It was surprising to read your supposition that VVMs cannot be calibrated in the same way that a traditional thermometer is calibrated and with the conclusion that “… their accuracy may be more difficult to pin down.” Though VVMs are not and cannot be calibrated in the same way that a traditional thermometer is calibrated, it is not possible to calibrate any individual single-use device because the test is, by the nature of the time temperature integrators (VVM in our case), necessarily destructive. If you refer to “United States Pharmacopoeia (USP) Monitoring devices – Time, Temperature, and Humidity,” under “Calibration of temperature – and humidity monitoring devices,” it is clearly explained as follows: “Single-use electronic and chemical indicators should follow Good Manufacturing Practices with appropriate testing controls. Electronic indicators require proper calibration. Single-use indicator performance can be qualified by the supply chain user by sampling and testing of multiple production lots. For TTIs that calculate MKT, the performance of a batch can be assessed statistically by subjecting an appropriately sized sample to elevated temperature conditions for a set period of time and observing the results. Manufacturers should adopt appropriate acceptance criteria. It is acceptable to use the release test performed by the manufacturer of the indicator (based on the certificate of calibration or the certificate of analysis and the expiration date) in lieu of calibration or qualification.” Therefore, the statement regarding the calibration of VVM is scientifically inaccurate.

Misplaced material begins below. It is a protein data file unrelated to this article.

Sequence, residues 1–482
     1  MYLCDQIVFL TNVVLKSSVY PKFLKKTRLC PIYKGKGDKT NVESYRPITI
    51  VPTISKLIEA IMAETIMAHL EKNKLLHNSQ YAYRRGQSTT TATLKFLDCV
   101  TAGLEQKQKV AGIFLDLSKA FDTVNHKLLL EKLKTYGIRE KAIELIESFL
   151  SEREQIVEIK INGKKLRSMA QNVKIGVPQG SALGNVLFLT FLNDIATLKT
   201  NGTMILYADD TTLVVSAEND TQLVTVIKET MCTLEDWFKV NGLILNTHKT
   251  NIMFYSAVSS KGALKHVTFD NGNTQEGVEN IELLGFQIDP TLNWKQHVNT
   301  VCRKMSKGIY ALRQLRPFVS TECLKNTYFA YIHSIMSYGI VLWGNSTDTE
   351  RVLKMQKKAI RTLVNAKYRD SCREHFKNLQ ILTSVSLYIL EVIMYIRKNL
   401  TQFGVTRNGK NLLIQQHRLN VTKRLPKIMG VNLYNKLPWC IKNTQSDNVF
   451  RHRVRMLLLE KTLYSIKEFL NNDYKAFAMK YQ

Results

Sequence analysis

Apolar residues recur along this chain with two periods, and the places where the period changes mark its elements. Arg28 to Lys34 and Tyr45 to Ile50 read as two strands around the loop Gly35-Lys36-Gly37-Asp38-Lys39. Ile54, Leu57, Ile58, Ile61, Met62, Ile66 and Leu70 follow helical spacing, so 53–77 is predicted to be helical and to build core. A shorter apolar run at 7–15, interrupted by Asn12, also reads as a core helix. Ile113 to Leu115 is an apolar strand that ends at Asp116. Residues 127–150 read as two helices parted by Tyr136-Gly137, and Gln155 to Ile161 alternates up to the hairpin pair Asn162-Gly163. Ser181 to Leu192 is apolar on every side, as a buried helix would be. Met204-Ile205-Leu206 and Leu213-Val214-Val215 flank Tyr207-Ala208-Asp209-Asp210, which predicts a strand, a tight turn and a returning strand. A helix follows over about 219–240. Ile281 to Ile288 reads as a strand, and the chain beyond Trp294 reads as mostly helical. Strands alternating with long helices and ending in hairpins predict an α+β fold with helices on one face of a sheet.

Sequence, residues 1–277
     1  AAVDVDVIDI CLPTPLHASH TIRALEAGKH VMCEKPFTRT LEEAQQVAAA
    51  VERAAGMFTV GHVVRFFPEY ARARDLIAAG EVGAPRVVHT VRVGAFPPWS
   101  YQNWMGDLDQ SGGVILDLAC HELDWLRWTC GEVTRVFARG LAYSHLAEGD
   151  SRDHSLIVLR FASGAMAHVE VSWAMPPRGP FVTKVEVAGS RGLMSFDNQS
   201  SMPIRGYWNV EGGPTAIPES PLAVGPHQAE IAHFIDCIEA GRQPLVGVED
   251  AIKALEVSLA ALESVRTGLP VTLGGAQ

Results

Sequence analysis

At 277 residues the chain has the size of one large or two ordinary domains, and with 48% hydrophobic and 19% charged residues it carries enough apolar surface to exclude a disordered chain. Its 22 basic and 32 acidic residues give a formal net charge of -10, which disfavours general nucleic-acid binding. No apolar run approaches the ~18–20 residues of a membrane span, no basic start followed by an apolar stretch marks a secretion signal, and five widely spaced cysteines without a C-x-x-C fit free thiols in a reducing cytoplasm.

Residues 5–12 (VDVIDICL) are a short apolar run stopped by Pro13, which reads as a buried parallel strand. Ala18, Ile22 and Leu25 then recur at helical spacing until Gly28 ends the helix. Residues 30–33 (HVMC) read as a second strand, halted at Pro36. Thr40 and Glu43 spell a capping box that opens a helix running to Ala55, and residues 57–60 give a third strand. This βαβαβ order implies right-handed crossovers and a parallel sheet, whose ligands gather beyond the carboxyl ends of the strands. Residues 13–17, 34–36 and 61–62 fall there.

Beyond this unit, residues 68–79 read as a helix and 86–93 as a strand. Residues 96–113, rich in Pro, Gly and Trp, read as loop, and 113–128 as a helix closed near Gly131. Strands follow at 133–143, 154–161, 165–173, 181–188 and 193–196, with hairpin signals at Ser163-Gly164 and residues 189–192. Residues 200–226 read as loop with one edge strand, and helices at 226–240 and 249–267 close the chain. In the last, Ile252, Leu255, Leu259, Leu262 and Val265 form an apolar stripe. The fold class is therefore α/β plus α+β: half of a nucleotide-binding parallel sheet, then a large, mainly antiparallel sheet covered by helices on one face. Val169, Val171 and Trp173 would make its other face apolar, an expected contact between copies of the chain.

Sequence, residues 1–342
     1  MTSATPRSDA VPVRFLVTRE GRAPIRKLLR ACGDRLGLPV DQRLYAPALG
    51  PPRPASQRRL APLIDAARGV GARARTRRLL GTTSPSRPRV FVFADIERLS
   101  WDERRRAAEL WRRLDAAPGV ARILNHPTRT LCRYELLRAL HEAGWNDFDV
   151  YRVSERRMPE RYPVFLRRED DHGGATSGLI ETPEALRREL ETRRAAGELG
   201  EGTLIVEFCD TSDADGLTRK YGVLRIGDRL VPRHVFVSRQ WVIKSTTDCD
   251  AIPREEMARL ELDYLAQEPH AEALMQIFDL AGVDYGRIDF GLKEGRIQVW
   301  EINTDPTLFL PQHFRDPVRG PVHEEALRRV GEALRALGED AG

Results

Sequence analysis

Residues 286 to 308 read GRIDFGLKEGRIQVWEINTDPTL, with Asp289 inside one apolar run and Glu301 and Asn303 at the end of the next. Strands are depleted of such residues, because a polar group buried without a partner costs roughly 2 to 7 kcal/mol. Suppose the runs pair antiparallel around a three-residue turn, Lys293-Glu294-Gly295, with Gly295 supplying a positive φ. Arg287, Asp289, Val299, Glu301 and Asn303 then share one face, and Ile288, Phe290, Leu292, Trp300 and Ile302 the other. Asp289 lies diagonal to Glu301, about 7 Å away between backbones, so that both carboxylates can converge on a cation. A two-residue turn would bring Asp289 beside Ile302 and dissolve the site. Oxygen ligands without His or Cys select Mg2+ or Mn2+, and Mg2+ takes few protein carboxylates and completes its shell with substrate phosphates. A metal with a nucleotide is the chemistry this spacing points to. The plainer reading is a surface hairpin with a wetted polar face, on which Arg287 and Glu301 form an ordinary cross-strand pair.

VVM is a technology, explained in the same USP document, that provides early warning if the product (vaccine) is exposed to excessive heat over time before the expiration date. It is the only temperature monitoring tool that follows the product from manufacture to administration and accumulates the experience across the entire cold chain. VVM has had a profound impact around the globe. Due to the use of VVM, health workers can ensure that vaccines administered have not been damaged by heat. Importantly, VVM also helps to reduce vaccine wastage; it facilitates immunization outreach and increases access and coverage; helps to pinpoint cold chain problems; help to manage vaccine stocks and dispatch; and it prevents inadvertent freezing of vaccines.

    Finally, the technologies WHO recommends are not only for middle and lower income countries; WHO recommends technologies to be used in “programmes” by all Member States. In this sense, if the cold chain rules are global and VVM works, then VVM should also work in the U.S. as well. Given its important advisory role to the U.S. CDC, I suggest that NIST should be open to explore the benefits and proven experience of all temperature monitoring devices including VVM and demonstrate the difference VVM could bring to the U.S. immunization programme.

    Warm regards,

    Dr Umit Kartoglu, MD, DPH
    Scientist, World Health Organization
    Department of Essential Medicines and Health Products
    Geneva, Switzerland

    • Michal Chojnacky
      Michal Chojnacky on

      Hi Umit! Thank you very much for your insight on the role of VVMs throughout the global vaccine supply chain. I wholeheartedly agree – VVMs fill a unique and critical role in vaccine management, by providing a visual indication of cumulative time-temperature history throughout the transport, distribution, and storage of vaccines in the cold chain.